Senior Recognition Speech
Thursday, May 7, 2020
Thursday, May 7, 2020
Yashika Issrani is a senior English major. When asked why she picked her major, she said, "I am an English major because I want to be a lawyer and I am confident that the English major can prepare me for a rigorous career in law. I wasn’t confident of it at first because of the lingering fear of “what will you do with that major,” but being in the major has allowed me to appreciate the versatility of the major. Moreover, the major has been an integration of all my interests and passions. The best part about the major is that you discover your identity and voice as a writer. I learned that I am not a creative writer. While I appreciate reading creative pieces, I am not the creator of such. Formal and professional writing is my style."
Thank you. It is an absolute honor and delight to deliver this speech, recognizing and celebrating the accomplishments of our brilliant English majors. While this might not be what we imagined this day to look like, I am grateful for everyone who worked tirelessly towards putting together some sort of celebration under the current circumstances. Thank you for being creative and innovative in your efforts.
I’d like to start by acknowledging the whirlwind of emotions all of us have been through these past two months. It is an understatement to say that it has been a difficult time, due to financial hardships, academic stress, health concerns and other things that I couldn’t fathom. The most difficult thing, I imagine, is coming to terms with the situation. “This cannot be,” is probably a thought that has run through our minds during this time, for a multitude of reasons. I want to extend my best wishes for those who are unwell, taking care of someone who is unwell, or have lost a loved one. I wish you and your loved ones health and safety during this time.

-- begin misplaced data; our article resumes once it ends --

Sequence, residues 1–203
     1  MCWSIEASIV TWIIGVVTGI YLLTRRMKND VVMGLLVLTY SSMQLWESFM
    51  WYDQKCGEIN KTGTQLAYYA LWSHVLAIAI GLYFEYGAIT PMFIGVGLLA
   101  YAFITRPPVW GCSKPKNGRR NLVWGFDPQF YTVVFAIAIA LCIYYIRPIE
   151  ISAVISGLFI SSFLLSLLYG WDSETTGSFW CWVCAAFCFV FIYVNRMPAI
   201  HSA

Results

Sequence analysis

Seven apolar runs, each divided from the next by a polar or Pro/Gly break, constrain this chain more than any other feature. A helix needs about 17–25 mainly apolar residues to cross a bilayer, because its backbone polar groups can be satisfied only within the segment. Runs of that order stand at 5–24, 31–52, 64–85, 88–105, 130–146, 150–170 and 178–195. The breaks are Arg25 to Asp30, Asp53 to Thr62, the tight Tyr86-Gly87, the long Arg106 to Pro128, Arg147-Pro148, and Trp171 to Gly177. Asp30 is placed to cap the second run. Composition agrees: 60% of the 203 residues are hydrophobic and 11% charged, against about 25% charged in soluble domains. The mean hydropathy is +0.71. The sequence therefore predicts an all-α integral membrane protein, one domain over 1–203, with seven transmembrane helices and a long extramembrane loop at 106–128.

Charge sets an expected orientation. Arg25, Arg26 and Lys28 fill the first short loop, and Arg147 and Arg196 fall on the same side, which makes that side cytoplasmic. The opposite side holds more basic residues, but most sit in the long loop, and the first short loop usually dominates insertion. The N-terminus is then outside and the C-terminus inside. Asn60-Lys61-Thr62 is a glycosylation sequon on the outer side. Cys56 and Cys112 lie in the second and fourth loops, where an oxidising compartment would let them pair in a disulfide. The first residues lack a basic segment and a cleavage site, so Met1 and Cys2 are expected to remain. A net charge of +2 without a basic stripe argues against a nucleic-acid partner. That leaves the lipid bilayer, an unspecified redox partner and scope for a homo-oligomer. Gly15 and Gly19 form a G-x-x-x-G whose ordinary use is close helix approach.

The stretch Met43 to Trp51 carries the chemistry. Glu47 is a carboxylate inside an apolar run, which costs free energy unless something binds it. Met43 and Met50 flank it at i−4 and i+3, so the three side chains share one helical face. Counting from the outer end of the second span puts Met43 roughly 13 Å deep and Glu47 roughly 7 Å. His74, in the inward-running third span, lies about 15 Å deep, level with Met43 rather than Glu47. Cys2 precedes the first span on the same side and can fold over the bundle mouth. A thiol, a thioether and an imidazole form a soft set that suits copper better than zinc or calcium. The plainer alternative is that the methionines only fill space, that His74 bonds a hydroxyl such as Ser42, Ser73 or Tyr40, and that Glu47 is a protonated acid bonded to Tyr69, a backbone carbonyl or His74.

On the very day I decided to commit to UMass Amherst, I imagined myself in my cap and gown on graduation. I was very excited to finally experience that moment on May 8th. Alas, we have been robbed of that experience –momentarily, at least. This feels unreal, like some cruel plot twist of a novel, an abrupt ending. It hurts to have the last chapter of college ripped out without any warning. This ending is certainly not a part of the predictable plot we had curated for ourselves. Nonetheless, there is no point in dwelling on something we simply cannot change.
Instead, I would like to think that we are actually uniquely equipped as English majors. We are well equipped with a plethora of possibilities to explore to during this emotionally charged situation. We may have finally gotten the chance to catch up on some leisure reading. I’m sure we all have that one book we’ve been dying to read. I hope you took this time to do exactly that! Maybe this time allowed some of us to finally set aside time to work on personal pieces, perhaps a novel or poetry book in progress – just something that isn’t for school. Maybe some of us wrote about our experience during quarantine, as writing can be really cathartic and may have provided the very relief you were seeking. Maybe some of us just needed to pause and take a break from long hours of reading and writing. Some additional hours of sleep never hurt. I hope you achieved whatever your curious and intelligent mind sought during this time. I hope you got the emotional support and relief you needed during this time.